Decent progress, nothing earth-shattering, but good. I plan to finish this section tonight and then switch gears to the Maya Fantasy. I have a few plot things I want to look at, and the synopsis is still dreadful.

11296 / 100000

Today (so far) 1,127

Total: 11,296

Snippet:  this is continuing yesterday’s post between Lilias and Violet.

Joining her in effort to pick up the worst of the mess, Violet shuffled papers on top of the larger teaching desk, her gestures stiff with frustration.  “Is this truly what you envisioned for us?”

“I always wanted to be a teacher.”

Her sister huffed out a long sigh.  “Not me, certainly not like this:  watercolors, French, dancing and simpering, while always hiding what we truly are.”

“I know very well what you want, dearest.  As soon as we have enough students to support Nocturna, you may have your Season.”

Wistfully, Violet stared unseeing at the chalkboard on the wall.  “The Season is in full swing now.  Lord Byron is supposed to publish his latest canto soon.”

Heart aching, Lilias went and wrapped an arm about her sister’s waist.  It hurt terribly to know Violet wanted something with every fiber of her being, and Lilias couldn’t provide it.  Blinking back tears, she mentally tallied the receipts and expenses for the thousandth time and came up short once more.  With careful budgeting, she could use the Littletons’ modest tuition to provide food and supplies for the castle until the harvest.  Running a castle of Nocturna’s size was a daunting endeavor in the best of times.  If she could sell the wool for a decent price, and enroll a few more students, then she could eventually afford to pay Violet and Miss Weston more than a roof over their heads and meals in their bellies.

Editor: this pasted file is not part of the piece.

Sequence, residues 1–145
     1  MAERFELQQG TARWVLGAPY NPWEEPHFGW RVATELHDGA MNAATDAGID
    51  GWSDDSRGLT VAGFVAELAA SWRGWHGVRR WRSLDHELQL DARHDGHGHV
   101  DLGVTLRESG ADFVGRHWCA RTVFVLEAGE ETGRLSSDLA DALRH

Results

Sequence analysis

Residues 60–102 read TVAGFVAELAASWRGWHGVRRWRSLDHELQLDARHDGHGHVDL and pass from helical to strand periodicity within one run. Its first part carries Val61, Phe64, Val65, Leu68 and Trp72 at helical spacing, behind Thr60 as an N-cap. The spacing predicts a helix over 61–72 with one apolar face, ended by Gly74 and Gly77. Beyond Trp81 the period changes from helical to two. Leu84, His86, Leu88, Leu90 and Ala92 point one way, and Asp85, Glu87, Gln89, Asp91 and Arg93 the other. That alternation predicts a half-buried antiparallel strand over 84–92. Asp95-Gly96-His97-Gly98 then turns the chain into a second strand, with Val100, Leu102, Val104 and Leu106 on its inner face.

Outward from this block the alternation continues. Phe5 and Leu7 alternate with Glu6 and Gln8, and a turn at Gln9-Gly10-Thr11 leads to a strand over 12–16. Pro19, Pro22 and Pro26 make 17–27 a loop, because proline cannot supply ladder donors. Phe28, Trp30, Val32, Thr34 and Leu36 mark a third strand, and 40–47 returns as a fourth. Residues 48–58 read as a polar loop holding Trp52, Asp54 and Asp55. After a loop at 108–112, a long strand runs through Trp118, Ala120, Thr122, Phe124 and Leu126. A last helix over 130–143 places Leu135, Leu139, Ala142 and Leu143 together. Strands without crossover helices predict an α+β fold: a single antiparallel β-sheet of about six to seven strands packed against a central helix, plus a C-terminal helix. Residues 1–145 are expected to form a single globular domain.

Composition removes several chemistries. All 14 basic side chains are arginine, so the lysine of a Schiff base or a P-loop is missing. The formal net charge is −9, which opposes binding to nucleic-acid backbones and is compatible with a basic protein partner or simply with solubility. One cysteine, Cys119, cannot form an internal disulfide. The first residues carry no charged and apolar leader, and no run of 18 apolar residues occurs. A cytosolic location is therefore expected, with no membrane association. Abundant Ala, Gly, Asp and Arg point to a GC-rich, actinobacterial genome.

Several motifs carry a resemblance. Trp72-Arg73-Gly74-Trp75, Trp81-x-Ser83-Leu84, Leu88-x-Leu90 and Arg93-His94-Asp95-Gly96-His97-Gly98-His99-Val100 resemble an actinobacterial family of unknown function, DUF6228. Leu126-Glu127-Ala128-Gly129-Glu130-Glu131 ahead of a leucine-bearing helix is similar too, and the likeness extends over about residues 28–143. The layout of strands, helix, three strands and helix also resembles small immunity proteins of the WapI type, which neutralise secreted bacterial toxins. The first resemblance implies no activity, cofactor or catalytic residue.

“More students,” she said more forcefully than she intended. 

Violet’s bottom lip jutted out, her eyes sparking.  The air tingled with electricity as if a storm hovered on the horizon.  She could raise a terrible thunderstorm in moments if she became angry enough. 

“I need more students to support us, and to accomplish that feat, we need our existing students to be happy and accomplished, so their parents will be pleased and provide referrals to their acquaintances.  This is our only hope, dearest.”

“But I hate teaching!  I’d rather muck out stables or shear sheep or–”

“If you don’t cooperate and ensure the success of the Nocturna School, you will indeed be forced to become a governess or companion, working for little more than a few pounds a year, constantly at risk from unwanted male attention.  You know what happened to Theo.”

Miss Theodosia Weston had not fully recovered from the trauma of her first and only formal appointment as companion.

Violet drew herself up and marched from the room.  “You might not be paying me a salary, Headmistress, but I’m nothing more than an employee of Nocturna School for Young Ladies.”